Wichita's young sax player, Ben Kincaid-
He's "sittin' right" at an early age.

At age eleven, saxophone player, Ben Kincaid, sits in a position that many adult musicians would envy-- he's in demand.

Ben spent the summer enjoying a string of personal appearances at museums, coffee houses, pizza joints and fairs, as well as sitting in with two seasoned jazz groups- The Rick Meyer Quartet, and Ben Harris and the 9th Street Blues Band.

Now that fall has arrived, his time will be spent in a delicate balance between school and personal appearances-- "as long as it doesn't interfere with his studies," says his dad, Linn Kincaid.

Perhaps the most remarkable fact to note in Ben's story, beside his age, is the fact that he's only been playing the sax for about fourteen months. How did he come so far so quickly? Determination, love of jazz, and what appears to be a God-given gift to create music are the factors of Ben's success. Growing up around local musicians like Rick Meyer, and attendng jazz and blues events with his dad also had an influence. "My dad's been playing jazz for me on the stereo since I was born," Ben says. "I listen to other music, but jazz is my favorite-- it's my life."

That fact is obvious to anyone who has seen Ben play. You can tell that he knows and loves the music that seems to "come up from inside of him," as he plays with a smoothness and maturity uncharacteristic of someone his age. The audience sways and heads nod in support as he pours out tunes like "Equinox," by John Coltrane, or "Mood Indigo," "In a Sentimental Mood," and "Angel Eyes"-- a few of his other favorites, hitting the high notes with perfection.

Ben started making music while in fourth grade. He wasn't able to play sax in the school band, as he intended, because they only allow students in grade five and up to play wind instruments. So Ben decided to take private lessons, and a Selmer Paris-model alto sax was his instrument of choice. By the first month he had the chromatic scale down and was playing "Equinox." During the next few weeks, he mastered several other tunes.

Ben was then introduced to "Jamey Abersold Jazz," a teaching tool that utilizes sheet music with a recorded rhythm section. Because he reads the melodies, but solos by ear, this method gives Ben the opportunity to gain "real time" ensemble experience, and learn at the same time.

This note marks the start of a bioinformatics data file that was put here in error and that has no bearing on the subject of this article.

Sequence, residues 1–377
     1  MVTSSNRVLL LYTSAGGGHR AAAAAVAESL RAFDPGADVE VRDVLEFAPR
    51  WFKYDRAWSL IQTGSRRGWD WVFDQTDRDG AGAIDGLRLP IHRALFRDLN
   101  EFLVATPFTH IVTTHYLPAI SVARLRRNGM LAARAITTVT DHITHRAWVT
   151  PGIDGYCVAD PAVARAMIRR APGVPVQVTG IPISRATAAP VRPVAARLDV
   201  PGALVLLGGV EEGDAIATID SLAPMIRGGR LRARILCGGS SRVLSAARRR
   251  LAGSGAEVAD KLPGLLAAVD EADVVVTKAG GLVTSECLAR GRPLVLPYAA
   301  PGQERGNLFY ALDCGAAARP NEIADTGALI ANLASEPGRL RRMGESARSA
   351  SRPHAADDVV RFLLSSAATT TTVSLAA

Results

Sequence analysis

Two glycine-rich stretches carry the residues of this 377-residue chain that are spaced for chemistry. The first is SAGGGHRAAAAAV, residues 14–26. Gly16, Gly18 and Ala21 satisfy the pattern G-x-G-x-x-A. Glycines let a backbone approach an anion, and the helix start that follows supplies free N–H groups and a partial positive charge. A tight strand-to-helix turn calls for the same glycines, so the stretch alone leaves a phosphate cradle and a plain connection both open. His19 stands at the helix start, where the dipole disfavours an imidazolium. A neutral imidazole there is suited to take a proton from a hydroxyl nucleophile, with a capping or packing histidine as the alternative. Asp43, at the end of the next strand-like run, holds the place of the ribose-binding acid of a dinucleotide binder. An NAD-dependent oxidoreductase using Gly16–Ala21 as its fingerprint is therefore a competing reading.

Ben sits in with the Rick Meyer Quartet. Growing up around musicians like Meyer influenced Ben's decision to play jazz.

Ben studies sax under Tom Fowler, director of the Wichita State University jazz program. His involvement with both Fowler and Meyer (of the Rick Meyer Quartet) has evolved into an ideal mentoring arrangement-- a situation that any college-level music student would certainly envy.

The crowning point of Ben's summer was competing in the 1998 Wichita River Festival Talent Competition where he won Grand Prize in the youth division ($500). Ben exhibited maturity in areas other than music when he used the prize money to purchase a new PA mixer to power his sax for outdoor gigs. He also uses his tip money to pay for his lessons and other instrument needs.

What's in Ben's future? He plans to attend jazz camp next summer with either Jamey Abersold Jazz or Jessica Jones, of the Youth Jazz Alliance. Beyond that he'll continue to strengthen his skills and enjoy playing his first true love-- jazz. But keep an eye out for the name Ben Kincaid. This is one young man that has a certain future carved out for him in the world of music.

Check out Ben's website.

E-mail Ben and his father Linn

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